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Loveland woman’s van a taxi, ambulance for pets

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Lorry Schmitz stands in front of her pet taxi van in Loveland on Dec. 1, 2010.  Schmitz provides emergency transportation to veterinarian clinics and animal hospitals, as well as taxi services to get pets to medical and grooming appointments and day-care

Lorry Schmitz stands in front of her pet taxi van in Loveland on Dec. 1, 2010. Schmitz provides emergency transportation to veterinarian clinics and animal hospitals, as well as taxi services to get pets to medical and grooming appointments and day-care facilities. She works with veterinary clinics to relocate pets in critical condition from the clinic to facilities that provide overnight care. Her clients include cats, dogs, small farm animals, exotics, birds, fish and reptiles.

Loveland Reporter-Herald, Jeff Stahla, Associated Press

LOVELAND, Colo. — Fort Collins resident Lorry Schmitz is a different sort of taxi driver. For one, her van doesn't have any back seats.

Second, her passengers bark, meow, gargle and chirp.

Schmitz, founder and owner of Safely There Animal Transportation, operates a combined pet taxi and ambulance service.

She drives a bright-blue customized 2010 Ford Transit Connect with her logo and depictions of animals across the sides and back and locked-in kennels, safety equipment and a stretcher inside.

"I help people take care of their animals," Schmitz said.

Schmitz provides emergency transportation to veterinarian clinics and animal hospitals, as well as taxi services to get pets to medical and grooming appointments and day-care facilities. She works with veterinary clinics to relocate pets in critical condition from the clinic to facilities that provide overnight care. Her clients include cats, dogs, small farm animals, exotics, birds, fish and reptiles.

"It's so rewarding, and I get to (be) with animals," Schmitz said.

Schmitz got the business idea more than 20 years ago when her Great Dane had gastric torsion in the middle of the night and she had no way to transport him until it was too late. He died from the condition.

Without the finances to start a business, she worked in various jobs at the University of Colorado and Colorado State University, where she was as an administrative assistant.

Earlier this year, she quit that position, sold some of her assets and, in May, started her business, not wanting to let go of her dream, she said.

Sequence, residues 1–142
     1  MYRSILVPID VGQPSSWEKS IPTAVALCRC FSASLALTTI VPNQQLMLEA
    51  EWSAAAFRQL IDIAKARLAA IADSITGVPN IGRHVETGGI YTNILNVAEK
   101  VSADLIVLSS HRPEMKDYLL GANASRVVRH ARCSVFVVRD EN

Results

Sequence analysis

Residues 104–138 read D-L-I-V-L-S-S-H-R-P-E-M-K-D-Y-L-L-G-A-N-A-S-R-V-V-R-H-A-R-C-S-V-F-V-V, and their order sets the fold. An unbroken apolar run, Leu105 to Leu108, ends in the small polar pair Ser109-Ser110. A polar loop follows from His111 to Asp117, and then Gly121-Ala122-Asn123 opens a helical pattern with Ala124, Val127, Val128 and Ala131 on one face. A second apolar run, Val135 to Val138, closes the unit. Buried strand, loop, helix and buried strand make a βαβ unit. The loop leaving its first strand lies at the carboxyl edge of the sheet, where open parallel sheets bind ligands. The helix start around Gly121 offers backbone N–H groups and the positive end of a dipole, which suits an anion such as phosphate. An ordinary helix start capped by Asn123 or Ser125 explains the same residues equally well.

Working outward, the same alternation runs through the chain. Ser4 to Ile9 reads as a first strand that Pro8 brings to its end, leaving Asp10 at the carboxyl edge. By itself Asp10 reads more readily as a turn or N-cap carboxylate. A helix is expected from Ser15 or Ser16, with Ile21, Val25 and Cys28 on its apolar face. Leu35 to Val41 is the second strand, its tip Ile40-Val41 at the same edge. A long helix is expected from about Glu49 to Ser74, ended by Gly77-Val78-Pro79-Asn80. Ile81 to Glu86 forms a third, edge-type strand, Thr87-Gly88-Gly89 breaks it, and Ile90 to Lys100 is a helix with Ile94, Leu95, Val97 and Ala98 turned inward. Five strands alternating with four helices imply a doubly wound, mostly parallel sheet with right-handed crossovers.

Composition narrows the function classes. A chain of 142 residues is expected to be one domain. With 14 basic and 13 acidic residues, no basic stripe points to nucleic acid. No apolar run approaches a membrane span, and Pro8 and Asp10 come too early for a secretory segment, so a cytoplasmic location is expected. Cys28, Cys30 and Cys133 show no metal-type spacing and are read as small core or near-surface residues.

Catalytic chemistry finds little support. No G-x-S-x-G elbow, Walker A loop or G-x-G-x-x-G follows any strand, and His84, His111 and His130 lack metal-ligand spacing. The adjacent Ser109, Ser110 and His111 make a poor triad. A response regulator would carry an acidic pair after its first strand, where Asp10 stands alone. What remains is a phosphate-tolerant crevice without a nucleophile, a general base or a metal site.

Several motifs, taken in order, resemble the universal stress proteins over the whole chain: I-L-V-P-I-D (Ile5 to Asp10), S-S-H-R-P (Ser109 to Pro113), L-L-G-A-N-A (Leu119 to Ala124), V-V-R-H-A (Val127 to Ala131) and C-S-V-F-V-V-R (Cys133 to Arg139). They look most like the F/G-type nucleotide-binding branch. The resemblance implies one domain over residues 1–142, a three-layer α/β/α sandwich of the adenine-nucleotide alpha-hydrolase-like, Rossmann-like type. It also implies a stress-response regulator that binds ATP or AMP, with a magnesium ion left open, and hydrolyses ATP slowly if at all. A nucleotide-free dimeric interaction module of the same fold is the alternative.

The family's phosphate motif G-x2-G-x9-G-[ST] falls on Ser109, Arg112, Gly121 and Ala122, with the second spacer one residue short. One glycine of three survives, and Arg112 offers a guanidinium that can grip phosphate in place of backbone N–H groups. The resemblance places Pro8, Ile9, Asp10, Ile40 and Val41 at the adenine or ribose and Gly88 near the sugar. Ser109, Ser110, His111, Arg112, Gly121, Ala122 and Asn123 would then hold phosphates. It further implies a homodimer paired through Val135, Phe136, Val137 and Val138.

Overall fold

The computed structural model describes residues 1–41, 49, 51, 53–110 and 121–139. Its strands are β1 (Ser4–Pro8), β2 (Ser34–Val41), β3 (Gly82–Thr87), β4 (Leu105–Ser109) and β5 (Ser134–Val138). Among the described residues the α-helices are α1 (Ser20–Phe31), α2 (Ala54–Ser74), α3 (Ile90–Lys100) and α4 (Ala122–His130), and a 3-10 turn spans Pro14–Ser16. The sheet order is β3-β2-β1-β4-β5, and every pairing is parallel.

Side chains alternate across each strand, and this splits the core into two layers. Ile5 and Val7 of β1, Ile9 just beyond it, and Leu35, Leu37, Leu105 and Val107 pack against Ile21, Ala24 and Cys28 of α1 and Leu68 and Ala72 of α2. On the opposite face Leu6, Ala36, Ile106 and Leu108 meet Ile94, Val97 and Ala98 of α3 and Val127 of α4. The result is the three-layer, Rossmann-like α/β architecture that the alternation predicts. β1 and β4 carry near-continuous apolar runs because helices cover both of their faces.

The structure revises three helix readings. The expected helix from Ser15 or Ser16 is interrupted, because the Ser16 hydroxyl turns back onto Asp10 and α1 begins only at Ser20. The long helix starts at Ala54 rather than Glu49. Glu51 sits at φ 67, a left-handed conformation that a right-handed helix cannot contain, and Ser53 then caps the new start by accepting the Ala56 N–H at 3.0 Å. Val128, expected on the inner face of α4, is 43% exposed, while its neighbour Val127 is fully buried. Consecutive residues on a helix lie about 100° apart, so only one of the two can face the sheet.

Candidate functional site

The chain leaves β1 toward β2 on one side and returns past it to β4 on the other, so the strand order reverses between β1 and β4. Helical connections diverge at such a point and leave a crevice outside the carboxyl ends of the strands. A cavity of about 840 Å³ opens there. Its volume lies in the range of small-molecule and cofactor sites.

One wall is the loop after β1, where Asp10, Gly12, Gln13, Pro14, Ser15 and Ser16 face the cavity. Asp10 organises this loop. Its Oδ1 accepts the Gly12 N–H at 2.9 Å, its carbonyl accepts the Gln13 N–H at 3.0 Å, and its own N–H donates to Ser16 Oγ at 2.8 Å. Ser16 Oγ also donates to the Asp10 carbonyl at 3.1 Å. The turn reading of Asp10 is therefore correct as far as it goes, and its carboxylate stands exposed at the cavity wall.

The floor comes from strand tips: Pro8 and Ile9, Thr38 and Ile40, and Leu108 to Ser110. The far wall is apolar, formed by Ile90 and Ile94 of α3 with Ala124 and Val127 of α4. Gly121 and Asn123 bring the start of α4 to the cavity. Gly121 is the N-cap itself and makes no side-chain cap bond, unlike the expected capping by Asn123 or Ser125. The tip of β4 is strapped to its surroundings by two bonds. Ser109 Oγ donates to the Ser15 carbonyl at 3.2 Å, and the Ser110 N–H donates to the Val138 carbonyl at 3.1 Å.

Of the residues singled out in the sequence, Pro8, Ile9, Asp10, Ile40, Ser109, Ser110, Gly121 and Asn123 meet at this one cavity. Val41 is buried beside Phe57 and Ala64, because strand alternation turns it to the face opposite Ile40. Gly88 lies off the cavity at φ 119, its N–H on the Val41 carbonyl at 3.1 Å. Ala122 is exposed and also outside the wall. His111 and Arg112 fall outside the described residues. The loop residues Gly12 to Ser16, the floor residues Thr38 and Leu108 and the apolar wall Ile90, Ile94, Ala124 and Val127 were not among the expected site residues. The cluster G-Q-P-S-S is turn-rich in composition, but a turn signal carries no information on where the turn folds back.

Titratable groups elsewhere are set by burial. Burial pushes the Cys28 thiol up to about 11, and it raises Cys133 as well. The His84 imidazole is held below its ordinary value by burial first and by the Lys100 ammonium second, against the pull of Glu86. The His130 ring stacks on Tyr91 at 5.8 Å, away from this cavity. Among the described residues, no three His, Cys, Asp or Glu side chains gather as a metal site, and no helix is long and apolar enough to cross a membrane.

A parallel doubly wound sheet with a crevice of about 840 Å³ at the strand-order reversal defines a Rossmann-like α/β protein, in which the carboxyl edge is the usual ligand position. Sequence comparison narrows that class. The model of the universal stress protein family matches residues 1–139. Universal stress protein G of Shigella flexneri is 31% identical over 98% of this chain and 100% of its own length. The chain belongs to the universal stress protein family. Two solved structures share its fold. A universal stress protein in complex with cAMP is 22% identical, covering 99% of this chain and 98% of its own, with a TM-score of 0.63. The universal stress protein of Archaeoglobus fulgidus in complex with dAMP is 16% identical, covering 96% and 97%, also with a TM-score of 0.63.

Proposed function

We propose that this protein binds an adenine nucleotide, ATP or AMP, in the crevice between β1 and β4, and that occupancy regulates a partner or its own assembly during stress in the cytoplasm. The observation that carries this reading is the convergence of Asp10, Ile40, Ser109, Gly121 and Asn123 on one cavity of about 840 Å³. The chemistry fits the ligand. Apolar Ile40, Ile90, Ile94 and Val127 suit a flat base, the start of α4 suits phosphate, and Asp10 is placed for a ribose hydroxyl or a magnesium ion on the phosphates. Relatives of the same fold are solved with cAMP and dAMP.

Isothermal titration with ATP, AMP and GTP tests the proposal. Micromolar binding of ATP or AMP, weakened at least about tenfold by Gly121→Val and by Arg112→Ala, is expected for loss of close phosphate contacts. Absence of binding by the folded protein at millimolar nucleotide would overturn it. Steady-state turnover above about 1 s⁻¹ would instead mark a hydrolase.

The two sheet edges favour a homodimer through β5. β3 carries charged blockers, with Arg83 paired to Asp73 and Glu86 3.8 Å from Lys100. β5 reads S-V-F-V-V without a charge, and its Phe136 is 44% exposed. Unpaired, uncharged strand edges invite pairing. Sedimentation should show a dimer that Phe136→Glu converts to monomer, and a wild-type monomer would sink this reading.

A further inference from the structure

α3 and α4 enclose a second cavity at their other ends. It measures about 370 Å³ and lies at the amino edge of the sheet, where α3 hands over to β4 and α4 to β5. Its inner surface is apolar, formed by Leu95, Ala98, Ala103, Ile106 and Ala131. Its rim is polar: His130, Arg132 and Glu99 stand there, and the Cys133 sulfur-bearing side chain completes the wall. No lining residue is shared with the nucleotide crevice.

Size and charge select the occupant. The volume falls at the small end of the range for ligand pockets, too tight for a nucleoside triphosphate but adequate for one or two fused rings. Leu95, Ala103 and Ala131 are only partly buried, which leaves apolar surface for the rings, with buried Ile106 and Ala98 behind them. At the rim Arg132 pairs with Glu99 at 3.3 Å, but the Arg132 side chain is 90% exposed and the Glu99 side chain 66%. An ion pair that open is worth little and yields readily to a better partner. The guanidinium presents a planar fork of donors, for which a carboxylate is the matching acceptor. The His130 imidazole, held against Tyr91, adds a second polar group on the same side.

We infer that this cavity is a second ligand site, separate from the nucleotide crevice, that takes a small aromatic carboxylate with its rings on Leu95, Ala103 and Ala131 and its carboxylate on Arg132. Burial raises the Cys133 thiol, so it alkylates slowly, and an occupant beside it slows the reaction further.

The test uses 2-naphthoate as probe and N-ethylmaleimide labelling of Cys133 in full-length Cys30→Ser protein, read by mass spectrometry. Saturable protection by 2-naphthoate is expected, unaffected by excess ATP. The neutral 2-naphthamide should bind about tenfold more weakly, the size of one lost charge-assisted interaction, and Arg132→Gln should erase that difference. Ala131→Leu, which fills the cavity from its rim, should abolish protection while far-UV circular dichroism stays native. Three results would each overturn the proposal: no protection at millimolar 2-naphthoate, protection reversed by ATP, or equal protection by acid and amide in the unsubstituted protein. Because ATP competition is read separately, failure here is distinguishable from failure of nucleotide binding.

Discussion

That dream includes transporting animals in northern Colorado, the state's mountain communities and southern Wyoming. But for road trips, she will travel anywhere in the United States and Canada.

"I work with people who don't drive anymore," Schmitz said, adding that she has clients who don't like driving in the dark or bad weather or who are busy. "Taking time off for routine stuff isn't always practical."

Schmitz arranges domestic and international airline travel for pets and will escort them as requested, such as for pet owners making an interstate move and breeders and rescue organizations relocating an animal. She has access to the required paperwork for importing and exporting animals through her membership with the Independent Pet and Animal Transportation Association, an international trade association.

"I'm still waiting for someone to ask me to take their pet to Hawaii for a two-week vacation," Schmitz said with a laugh.

Schmitz works with a travel agent to arrange the shortest and safest flight and couriers to move the pet between the owner's home and the airport. She makes sure that any blood work and vaccinations required at the destination are up to date and that the pet is microchipped.

Kathy Hooper, director of Big Sky Rottweiler Rescue in Riverton, Wyo., hired Schmitz in early November to transport four Rottweilers removed from a hoarding situation.

"Lorry is just a very caring person, very responsible," Hooper said. "She was willing to do whatever I needed."

Schmitz said she eventually hopes to transport large livestock and zoo animals, as well as franchise her operation.